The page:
One technology that really showed promise of having a practical application today was an iPhone hardware add-on called FLIR ONE™ (http://www.flir.com/home/). Produced by a company called FLIR, it’s a device you snap onto your iPhone in order to read thermal data emitting from elements on the job site. For under $250 MEP contractors can use their iPhone to look through walls, piping and ducting to detect leaks, hot spots and potential energy leaks. The picture below was taken by Todd on the jobsite as he demonstrated the device for his HVAC trade partner. They were experiencing performance issues and couldn’t figure out where the issue was coming from. The contractor had a hunch it had something to do with a sharp 90-degree bend in the piping, but short of getting down into the suspended ducting, it was still a mystery. Todd pulled out his iPhone, attached the FLIR ONE, and in seconds they discovered the contractor’s hunch was correct. They were then able to justify the effort to get in and solve the issue, saving them valuable time by removing the guess work.
The final technology they shared with us was a Quadcopter currently being used to aid in weekly site reporting. Stay tuned to learn how this technology saved the project team $15,000 in warranty work.
More from Author
Sasha Reed | Dec 15, 2017
Future vs. current state of construction innovation: How will we make the leap?
Looking beyond today’s constraints to the possibility of what “could be” is a key characteristic of those defining and delivering innovation to design and building firms across the globe.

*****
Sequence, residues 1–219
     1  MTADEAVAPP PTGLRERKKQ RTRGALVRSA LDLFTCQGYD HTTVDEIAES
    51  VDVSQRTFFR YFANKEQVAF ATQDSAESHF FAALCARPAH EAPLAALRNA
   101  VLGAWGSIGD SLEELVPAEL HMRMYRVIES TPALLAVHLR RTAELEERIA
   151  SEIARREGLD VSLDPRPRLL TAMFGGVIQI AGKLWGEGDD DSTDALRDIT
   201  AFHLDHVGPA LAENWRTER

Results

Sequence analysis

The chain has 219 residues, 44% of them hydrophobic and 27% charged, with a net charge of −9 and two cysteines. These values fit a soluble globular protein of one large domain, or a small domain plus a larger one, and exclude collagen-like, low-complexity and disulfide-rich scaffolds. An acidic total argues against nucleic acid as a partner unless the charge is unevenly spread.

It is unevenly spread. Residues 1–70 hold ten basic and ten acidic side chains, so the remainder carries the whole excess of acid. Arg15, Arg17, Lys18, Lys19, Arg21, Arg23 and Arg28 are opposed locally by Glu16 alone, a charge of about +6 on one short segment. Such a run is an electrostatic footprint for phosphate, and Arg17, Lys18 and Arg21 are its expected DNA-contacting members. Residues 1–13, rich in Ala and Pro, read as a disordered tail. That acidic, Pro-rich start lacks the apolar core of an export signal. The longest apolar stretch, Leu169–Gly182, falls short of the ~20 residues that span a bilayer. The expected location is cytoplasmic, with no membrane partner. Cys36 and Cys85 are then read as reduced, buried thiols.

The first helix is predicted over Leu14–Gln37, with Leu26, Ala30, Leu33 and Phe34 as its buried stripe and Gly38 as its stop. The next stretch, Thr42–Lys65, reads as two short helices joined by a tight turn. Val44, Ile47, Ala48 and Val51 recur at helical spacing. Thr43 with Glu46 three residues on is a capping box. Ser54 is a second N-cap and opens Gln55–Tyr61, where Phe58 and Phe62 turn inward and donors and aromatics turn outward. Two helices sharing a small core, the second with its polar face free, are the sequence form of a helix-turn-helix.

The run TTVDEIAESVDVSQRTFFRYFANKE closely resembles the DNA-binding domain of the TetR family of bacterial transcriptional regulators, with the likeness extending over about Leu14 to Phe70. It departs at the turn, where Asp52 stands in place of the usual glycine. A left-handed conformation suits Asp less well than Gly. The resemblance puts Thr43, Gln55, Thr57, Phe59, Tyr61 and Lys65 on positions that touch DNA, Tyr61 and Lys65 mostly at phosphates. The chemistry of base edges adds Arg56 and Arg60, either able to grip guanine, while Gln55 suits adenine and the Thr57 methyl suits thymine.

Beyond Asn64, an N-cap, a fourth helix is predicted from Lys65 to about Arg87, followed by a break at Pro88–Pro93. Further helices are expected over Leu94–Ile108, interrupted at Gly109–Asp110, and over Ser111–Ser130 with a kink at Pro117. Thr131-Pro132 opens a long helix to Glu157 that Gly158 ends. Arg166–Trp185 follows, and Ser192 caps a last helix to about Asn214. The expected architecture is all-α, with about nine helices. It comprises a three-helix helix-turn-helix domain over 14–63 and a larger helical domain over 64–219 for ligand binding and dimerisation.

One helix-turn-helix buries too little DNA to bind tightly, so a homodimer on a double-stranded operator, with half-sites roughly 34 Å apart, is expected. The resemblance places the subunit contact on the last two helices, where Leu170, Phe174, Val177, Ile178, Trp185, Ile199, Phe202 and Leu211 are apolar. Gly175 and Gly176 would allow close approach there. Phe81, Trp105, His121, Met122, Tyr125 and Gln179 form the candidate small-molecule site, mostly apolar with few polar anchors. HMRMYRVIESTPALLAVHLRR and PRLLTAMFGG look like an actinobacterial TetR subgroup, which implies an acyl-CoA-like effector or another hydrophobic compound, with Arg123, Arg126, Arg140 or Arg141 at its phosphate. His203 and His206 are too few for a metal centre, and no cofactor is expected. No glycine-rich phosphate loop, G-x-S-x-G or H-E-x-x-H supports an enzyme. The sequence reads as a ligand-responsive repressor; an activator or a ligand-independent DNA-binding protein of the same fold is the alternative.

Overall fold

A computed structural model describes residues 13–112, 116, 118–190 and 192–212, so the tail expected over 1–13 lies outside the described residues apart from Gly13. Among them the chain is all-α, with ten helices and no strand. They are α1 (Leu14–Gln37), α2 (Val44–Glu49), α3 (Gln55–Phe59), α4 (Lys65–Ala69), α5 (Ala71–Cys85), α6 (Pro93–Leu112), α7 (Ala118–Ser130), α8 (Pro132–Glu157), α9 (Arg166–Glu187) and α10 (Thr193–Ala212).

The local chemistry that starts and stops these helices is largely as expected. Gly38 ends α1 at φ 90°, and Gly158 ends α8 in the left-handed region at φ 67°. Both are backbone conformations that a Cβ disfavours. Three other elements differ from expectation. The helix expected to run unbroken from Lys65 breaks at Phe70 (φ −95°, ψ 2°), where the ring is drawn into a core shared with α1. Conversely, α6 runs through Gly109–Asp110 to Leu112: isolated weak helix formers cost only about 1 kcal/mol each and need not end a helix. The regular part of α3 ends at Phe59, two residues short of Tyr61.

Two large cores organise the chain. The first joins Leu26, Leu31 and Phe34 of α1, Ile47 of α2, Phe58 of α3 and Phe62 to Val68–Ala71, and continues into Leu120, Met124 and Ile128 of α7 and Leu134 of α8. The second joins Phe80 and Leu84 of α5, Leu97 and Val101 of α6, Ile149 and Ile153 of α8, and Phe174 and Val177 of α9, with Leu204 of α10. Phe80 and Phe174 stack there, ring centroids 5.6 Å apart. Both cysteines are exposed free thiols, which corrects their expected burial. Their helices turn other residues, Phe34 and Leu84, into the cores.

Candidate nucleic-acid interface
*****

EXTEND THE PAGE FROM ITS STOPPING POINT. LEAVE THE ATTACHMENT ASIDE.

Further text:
Sasha Reed | Sep 19, 2017
BIM vs VDC…how the US and the UK differ in approaching digital project delivery
In this four-part series, Bluebeam VP Sasha Reed sat down with industry experts to examine the need for defining and understanding digital workflows and data management throughout the design and construction project lifecycle.
Sasha Reed | Jul 19, 2017
Introducing StrXur by Bluebeam
Our goal is to present unique perspectives you may not be able to find anywhere else.
Sasha Reed | Jul 13, 2017
Defining the future by mastering the art of change
From my perspective, what separates organizations thriving in the digital revolution from those who are not boils down to one thing: leadership.
Sasha Reed | Mar 15, 2017
Incentivizing change: Show me the money
Who is succeeding, and on what terms? And what will it take for everyone to experience the benefits of that success?
Sasha Reed | Oct 4, 2016
The talent shortage: Will the training the AEC industry desperately needs arrive in time?
As the construction industry bounces back from the Great Recession, an entirely new class of tech-savvy construction professionals has been created, and the supply of these highly skilled, tech-proficient pros has been quickly exhausted.
Sasha Reed | Jul 11, 2016
Construction Disruption at AECX: Technology, hackathons and the promise of change in LA
The lead up to AECX featured a discussion providing insight into the current state of the AEC technological revolution by exploring opportunities, challenges and choices AEC pros face.
Sasha Reed | Jun 23, 2016
Implementing Change: The Five Biggest Mistakes to Avoid
Two truths from the jobsite: 1) The best part about uncovering a problem is discovering its solution, and 2) The worst part about discovering the solution is implementing it.
Sasha Reed | Jun 9, 2016
With all these sharks in the water… (No Predictions Here...Part 2)
Rather than fighting to control the proliferation of apps, perhaps we should be training our eyes to look for signs of long-term viability among all the fins in the water